Pacquiao vs. Ugas: Scorecard Results, Complete Punch Stats and Breakdown

Nate Loop@Nate_LoopFeatured ColumnistAugust 22, 2021

Yordenis Ugas, right, of Cuba, reaches in to hit Manny Pacquiao, of the Philippines, in a welterweight championship boxing match Saturday, Aug. 21, 2021, in Las Vegas. (AP Photo/John Locher)
John Locher/Associated Press

Yordenis Ugas put on a clinic in the biggest win of his career to date, utilizing a fantastic jab and nullifying Manny Pacquiao's attacks en route to winning by unanimous decision Saturday night at T-Mobile Arena in Las Vegas.

The judges scored the bout 115-113, 116-112, 116-112 in favor of Ugas, who was a late replacement for the injured Errol Spence Jr.

Even though the crowd was on Pacquiao's side for most of the fight, CBS Sports' Brian Campbell felt the judges made the right decision:ย 

Brian Campbell @BCampbell

Shout out to the judges for getting it right. Heck of a performance from Ugas.

Ugas retained the WBA world welterweight title with the win. The belt had been awarded to him after the WBA stripped the title from Pacquiao earlier this year because of inactivity. On Saturday, Ugas showed he was a worthy successor.

Pacquiao, 42, was the far more aggressive fighter, doing everything he could to get into close range and string together combinations. Ugas was steadfast in his approach, controlling distance with the jab and countering with his accurate right hand.

The punch stats reflect those approaches, as CompuBox showed:

CompuBox @CompuBox

Ugas' length, jab & accurate power punching (59% landed) the difference vs. Pacquiao, who landed just 16% of his total punches. Manny landed 19% in his loss to Mayweather. @PBConFOX https://t.co/SfjqaJZ6Ql

Pacquiao threw twice as many punches as Ugas but was far less accurate. The Cuban did a good job of either blocking the legend's shots or firing off a jab so that he could get back to a more comfortable distance.

Ugas, 35 also picked his spots well, landing 59 percent of his power punches over the 12 rounds. Those power shots became more apparent in the later rounds, when he took advantage of Pacquiao's fatigue and landed repeatedly with his right hand.

According to ESPN Philippines' Carlo Pamintuan, Ugas' performance was a textbook example of how to handle a southpaw like Pacquiao:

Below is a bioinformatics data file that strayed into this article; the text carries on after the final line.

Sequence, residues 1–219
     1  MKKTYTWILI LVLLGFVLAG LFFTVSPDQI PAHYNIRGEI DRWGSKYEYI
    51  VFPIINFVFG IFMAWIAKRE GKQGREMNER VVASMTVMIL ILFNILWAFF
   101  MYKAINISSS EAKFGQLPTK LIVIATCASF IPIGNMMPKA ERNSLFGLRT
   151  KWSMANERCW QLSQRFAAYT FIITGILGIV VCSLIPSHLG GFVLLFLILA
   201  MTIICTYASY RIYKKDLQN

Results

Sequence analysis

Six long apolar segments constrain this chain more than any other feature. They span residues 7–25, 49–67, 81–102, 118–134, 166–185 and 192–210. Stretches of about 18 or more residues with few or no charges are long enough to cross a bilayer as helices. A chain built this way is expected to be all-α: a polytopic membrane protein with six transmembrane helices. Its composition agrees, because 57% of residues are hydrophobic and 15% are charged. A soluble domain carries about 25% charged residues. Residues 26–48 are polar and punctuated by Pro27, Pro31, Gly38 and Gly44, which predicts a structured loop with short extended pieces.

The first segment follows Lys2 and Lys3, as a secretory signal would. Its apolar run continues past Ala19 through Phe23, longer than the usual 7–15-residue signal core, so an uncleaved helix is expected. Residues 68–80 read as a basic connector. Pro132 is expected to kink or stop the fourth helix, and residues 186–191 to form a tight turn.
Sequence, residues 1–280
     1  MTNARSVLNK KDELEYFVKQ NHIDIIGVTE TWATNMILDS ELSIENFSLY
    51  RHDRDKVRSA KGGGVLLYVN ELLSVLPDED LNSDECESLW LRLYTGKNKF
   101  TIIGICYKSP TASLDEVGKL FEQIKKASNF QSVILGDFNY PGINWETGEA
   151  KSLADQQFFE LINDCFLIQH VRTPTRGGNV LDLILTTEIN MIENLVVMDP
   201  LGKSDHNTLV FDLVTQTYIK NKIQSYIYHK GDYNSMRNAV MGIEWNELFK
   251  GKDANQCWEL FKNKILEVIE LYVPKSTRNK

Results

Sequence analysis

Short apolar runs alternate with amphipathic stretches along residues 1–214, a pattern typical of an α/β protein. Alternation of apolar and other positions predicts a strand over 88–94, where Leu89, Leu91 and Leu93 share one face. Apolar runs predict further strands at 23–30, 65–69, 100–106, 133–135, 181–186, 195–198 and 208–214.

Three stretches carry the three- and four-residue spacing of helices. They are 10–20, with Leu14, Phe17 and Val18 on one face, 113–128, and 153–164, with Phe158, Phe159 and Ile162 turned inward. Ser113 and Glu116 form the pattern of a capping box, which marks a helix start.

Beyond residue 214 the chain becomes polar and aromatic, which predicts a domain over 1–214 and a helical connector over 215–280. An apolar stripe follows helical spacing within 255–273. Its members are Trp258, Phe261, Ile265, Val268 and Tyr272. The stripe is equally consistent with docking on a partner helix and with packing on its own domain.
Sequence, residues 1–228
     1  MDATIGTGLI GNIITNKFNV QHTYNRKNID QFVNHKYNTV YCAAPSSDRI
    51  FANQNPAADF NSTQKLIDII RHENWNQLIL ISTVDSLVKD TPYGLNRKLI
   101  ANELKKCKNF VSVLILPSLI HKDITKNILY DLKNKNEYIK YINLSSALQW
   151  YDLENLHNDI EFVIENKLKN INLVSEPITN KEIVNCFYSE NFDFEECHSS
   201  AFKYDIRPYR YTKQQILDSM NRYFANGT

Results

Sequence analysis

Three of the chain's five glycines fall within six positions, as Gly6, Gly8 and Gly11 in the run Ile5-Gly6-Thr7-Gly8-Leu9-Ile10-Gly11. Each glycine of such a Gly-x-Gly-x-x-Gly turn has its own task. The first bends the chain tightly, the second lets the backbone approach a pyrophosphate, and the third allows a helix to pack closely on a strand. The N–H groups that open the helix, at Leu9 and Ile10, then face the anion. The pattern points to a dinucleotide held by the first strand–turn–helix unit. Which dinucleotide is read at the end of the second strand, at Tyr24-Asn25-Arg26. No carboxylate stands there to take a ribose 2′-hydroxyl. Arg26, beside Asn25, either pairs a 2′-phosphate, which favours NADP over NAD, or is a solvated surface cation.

Carlo Pamintuan @carlo_pamintuan

All Ugas did was textbook orthodox vs southpaw strategy. Double jab, right straight. He threw in uppercuts here and there but he was disciplined enough to stick to the game plan.

This exchange from the third round shows how even when Pacquiao was able to get Ugas on to the ropes, the crafty Cuban was able to create space and move back to the center, as shared by Fox Sports PBC:


Manny Pacquiao is starting to ๐Ÿ”ฅ๐Ÿ”ฅ up in the 3rd round! Buy #PacquiaoUgas PPV: https://t.co/fEC2fmRrAv https://t.co/7X5ZgI1wtI

Pacquiao did have his moments, such as at the end of the fifth round. Even in those instances, though, Ugas was able to make the most of his punches.


Manny Pacquiao and Yordenis Ugas bring the smoke at the end of RD5! ๐Ÿ’จ Buy #PacquiaoUgas PPV: https://t.co/fEC2fmRrAv https://t.co/zkGFeHQj6A

Boxing trainer and ESPN analyst Teddy Atlas praised Ugas' strategy and tactics:

Teddy Atlas @TeddyAtlasReal

Timing can beat speed, and counters can work with aggressive fighters, Ugas was well prepared and executed. #PacquiaoUgas

It was a spirited performance from Pacquiao, but he couldn't overcome age and ring rust. His previous fight was more than two years ago, a split-decision win over Keith Thurman, and it seems like some of his speed (both hands and feet) diminished in that time. When asked onย the Fox Sports pay-per-viewย broadcast whether he was planning on retiring after the loss, Pacquiao said "I don't know."

As for Ugas, he's in a good spot to try to put together a lucrative title-unification bout, either against Spence or Terence "Bud" Crawford. He has some name recognition after beating Pacquiao and would be wise to try to capitalize on that as soon as a top-tier opponent becomes available.


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